Humble Servants (April 1)

Philippians 2:5-11


Today (or the Sunday you study this lesson) is April Fools’ Day. In another letter, Paul said, “For the message about the cross is foolishness to those who are perishing, but to us who are being saved it is the power of God” (1 Corinthians 1:18). Paul’s writing in our passage for today illustrates this foolishness. The story of Christ’s humble obedience and shameful death on the cross was foolishness to the prevailing culture of Christ’s time, in which honor was valued above all else and to be found shameful was worst thing that could happen to a person. Christ’s humble death as a poor criminal is foolishness to our culture, which values power and wealth, winners and fame. We should reflect deeply and honestly about how this passage challenges our cultural assumptions and our own personal values. Happy April Fools’ Day and Palm Sunday!

Down and Up

If you drew a graph of this passage, it might look like a bowl.

Notice the downward movement of the passage as it begins with Jesus equal with God. Then Jesus emptied himself, and humbled himself to shameful death. At the lowest point, God exalted him so that all heaven and earth bow before him.

As we begin this Holy Week, we might also think about this passage in connection with Christ’s last week. Jesus begins the week on a high with the Triumphal Entry on Palm Sunday, by the end of the week, Good Friday, the cries of “Hosanna” turns to shouts of “Crucify Him,” and Jesus dies on a cross. On Easter Sunday God raised Jesus from death, victorious.

Nothing Never Happens
John Hendrix comments on Philippians 2:5-11 in Nothing Never Happens: Experiential Learning and the church, pages 125-127, which you may have (if not it is in the library).

Reading the Scripture

Here are some ways you might read the scripture or tell the story:

•    Since this passage is probably an early Christian hymn,  it would be great to present it musically. We have a YouTube video (below) of a church choir and orchestra singing a beautiful version of this song, “The Mind of Christ.”  If you would like to play this for you class let me know and I can help.

•    Lectio Divina is a prayerful reading of scripture. The passages in this unit might lend themselves well to this kind of reflective reading. See the see below for a guide to Lectio Divina.

•    Read the scripture standing and sitting to illustrate the movement of the text. Read verses 5-6 standing at the left side of your desk, sit on the left edge of your desk to read verse 7, take a seat to read verse 8, sit on the right edge of your desk to read verse 9, then stand up to the right of your desk for verses 10-11.

•    Audio:
o    The Bible Experience: The Complete Bible (“presented by a stellar ensemble of today’s top-name actors, musicians, clergy, directors, and award-winning producers.” Available from Keith).
o    Faith Comes by Hearing: You’ve Got the Time (Dramatized New Testament we used a few years ago during Lent. Available in the church office.)

Teaching Suggestions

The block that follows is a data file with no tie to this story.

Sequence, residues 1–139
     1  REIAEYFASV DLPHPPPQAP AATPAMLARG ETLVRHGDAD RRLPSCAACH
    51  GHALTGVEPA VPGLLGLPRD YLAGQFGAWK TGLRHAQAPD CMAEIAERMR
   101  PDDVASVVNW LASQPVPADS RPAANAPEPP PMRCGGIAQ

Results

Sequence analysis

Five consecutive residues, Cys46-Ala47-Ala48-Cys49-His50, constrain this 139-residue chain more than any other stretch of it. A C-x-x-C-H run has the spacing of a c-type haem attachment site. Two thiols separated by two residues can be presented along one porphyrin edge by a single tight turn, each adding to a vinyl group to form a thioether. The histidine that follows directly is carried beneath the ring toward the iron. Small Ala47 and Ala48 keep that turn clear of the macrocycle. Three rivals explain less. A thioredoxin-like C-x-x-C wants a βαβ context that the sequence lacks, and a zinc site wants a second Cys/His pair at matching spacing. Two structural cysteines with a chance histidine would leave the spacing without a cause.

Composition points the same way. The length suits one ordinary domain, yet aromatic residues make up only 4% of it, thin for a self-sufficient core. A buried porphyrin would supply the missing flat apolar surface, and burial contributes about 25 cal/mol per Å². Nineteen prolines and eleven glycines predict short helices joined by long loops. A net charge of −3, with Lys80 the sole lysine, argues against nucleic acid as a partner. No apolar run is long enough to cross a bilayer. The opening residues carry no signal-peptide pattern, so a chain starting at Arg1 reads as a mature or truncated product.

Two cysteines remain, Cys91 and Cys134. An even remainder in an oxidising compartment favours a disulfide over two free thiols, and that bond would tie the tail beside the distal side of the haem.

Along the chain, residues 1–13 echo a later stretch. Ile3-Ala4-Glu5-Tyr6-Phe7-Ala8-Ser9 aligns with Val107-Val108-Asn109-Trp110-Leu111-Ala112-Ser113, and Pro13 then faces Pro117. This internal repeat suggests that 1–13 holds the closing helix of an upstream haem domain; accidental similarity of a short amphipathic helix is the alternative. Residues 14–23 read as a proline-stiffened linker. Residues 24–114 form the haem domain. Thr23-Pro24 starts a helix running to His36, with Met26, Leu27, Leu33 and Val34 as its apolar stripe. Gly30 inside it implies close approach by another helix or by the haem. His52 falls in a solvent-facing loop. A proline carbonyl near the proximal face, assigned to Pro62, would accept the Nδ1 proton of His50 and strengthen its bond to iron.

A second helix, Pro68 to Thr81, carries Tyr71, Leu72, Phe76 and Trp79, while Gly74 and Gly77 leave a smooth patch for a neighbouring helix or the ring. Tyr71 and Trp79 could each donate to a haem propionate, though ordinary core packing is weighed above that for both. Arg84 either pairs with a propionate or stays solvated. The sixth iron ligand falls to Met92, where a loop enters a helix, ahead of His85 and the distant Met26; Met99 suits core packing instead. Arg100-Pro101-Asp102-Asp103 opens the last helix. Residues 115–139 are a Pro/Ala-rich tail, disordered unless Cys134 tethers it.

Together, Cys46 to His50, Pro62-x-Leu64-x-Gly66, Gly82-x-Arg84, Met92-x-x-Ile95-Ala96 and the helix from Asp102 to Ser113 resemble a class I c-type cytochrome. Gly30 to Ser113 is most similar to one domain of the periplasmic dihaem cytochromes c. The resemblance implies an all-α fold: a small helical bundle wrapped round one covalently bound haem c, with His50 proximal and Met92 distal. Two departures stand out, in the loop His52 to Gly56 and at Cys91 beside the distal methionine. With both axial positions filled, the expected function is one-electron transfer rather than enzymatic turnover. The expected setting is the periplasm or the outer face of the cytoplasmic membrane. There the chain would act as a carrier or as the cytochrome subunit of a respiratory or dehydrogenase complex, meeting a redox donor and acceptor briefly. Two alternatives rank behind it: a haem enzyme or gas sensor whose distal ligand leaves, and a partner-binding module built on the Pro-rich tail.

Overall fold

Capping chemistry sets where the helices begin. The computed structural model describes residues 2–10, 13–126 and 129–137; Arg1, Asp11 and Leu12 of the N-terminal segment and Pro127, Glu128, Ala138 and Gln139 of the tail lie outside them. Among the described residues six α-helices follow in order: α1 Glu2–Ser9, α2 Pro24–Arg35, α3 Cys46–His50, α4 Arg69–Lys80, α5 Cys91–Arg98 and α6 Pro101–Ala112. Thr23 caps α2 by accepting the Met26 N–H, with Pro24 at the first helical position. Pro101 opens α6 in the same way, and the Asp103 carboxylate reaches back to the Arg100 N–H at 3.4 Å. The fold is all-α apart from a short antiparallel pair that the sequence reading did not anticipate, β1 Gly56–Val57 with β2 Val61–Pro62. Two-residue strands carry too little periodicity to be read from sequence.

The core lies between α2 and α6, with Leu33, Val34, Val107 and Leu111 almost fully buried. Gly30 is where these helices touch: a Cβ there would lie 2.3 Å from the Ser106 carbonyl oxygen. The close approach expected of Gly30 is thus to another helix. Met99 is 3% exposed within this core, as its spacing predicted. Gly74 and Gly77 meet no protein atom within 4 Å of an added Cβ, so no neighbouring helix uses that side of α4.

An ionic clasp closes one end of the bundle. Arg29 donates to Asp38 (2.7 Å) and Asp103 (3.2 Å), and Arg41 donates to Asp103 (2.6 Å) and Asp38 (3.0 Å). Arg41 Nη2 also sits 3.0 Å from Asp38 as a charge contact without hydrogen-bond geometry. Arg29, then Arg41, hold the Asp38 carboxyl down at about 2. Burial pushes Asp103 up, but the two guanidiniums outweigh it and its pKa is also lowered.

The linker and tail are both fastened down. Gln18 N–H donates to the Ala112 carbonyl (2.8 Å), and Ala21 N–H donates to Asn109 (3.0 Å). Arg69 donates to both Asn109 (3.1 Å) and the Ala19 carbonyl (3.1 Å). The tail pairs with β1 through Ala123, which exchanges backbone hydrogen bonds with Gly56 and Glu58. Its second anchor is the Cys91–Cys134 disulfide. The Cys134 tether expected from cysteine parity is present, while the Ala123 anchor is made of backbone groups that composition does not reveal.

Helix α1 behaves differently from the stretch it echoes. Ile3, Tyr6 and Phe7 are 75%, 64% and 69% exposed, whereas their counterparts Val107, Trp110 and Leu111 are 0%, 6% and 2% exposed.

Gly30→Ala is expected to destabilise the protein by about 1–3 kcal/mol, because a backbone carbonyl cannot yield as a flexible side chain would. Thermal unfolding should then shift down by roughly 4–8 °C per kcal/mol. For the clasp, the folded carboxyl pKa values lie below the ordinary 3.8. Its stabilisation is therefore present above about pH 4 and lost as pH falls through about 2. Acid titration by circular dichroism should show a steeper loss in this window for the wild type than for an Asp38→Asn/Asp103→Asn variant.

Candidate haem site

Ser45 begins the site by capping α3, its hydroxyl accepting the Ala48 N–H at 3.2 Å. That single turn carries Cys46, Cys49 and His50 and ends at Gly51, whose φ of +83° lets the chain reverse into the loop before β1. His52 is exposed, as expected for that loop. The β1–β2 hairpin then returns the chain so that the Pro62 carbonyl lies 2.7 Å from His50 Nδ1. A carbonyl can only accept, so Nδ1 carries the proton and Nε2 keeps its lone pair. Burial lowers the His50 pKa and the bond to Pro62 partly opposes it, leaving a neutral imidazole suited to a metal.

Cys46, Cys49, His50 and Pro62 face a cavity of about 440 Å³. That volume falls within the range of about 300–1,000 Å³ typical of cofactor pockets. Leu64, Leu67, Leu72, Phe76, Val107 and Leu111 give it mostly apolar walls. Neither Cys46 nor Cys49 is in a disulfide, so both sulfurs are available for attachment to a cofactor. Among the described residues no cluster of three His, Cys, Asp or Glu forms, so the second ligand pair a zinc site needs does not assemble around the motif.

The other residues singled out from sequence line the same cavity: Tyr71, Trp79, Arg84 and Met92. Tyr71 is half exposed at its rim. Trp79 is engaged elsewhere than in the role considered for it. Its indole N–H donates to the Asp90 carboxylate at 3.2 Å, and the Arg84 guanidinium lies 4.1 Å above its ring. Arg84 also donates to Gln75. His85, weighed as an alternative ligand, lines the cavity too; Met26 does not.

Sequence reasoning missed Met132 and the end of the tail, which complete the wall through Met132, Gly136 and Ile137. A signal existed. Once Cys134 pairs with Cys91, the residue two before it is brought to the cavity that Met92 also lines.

•    Do something, as a class, to be of the same mind as Christ.
o    Sing a song/hymn together.
o    Read the scripture in unison.
o    Plan a service project that reflects your class’ corporate understanding of Christ’s calling/mind.
o    Write the story of your Sunday School class in three sentences (see the Formations Teaching Guide, p. 74) and recite them together.

•    I like the activity in the Formations Teaching Guide (p. 74). It reminds me of the youth’s cardboard testimonies they shared in worship on their D-Now weekend last year. This was the story of their lives in two phrases, rather than three sentences. See pictures on flickr: Cardboard Testimonies).

•    Encourage servant evangelism or random acts of kindness. See, 101 Ways to Reach Your Community, for examples of servant evangelism (on the teachers’ resource shelf in the library).

•    Jesus became a servant/slave: As an application, plan to show hospitality and love to one of our downtown neighbor. Bake a plate of brownies and share it with the employees; Stop by and say, “We’re from Lexington Avenue Baptist Church. We’re your neighbors and we just want you to know we are praying for you”; write out a blessing and share it with the business; or come up with some other creative way to show love to a downtown neighbor. This could become an ongoing relationship with your class and a business as a part of our neighborhood ministry. If you do a project like this, I’d love to hear about it, as would our Missions Leadership Team.

•    Superman Video Clip (see below):  In what ways, if any, is Jesus like superman?

I have set aside a shelf in the library with resources for Sunday School teachers. I will place there resources of general interest and some specifically applicable to current lessons.

•    101 Ways to Reach Your Community, for examples of servant evangelism (on the teachers’ resource shelf in the library).

•    John Hendrix comments on Philippians 2:5-11 in Nothing Never Happens: Experiential Learning and the church, pages 125-127.

•    For additional commentary on the text see these commentaries in our library:
o    Mercer Commentary on the Bible (Mercer University Press, 1995)
o    Harper’s Bible Commentary (Harper & Row, 1988)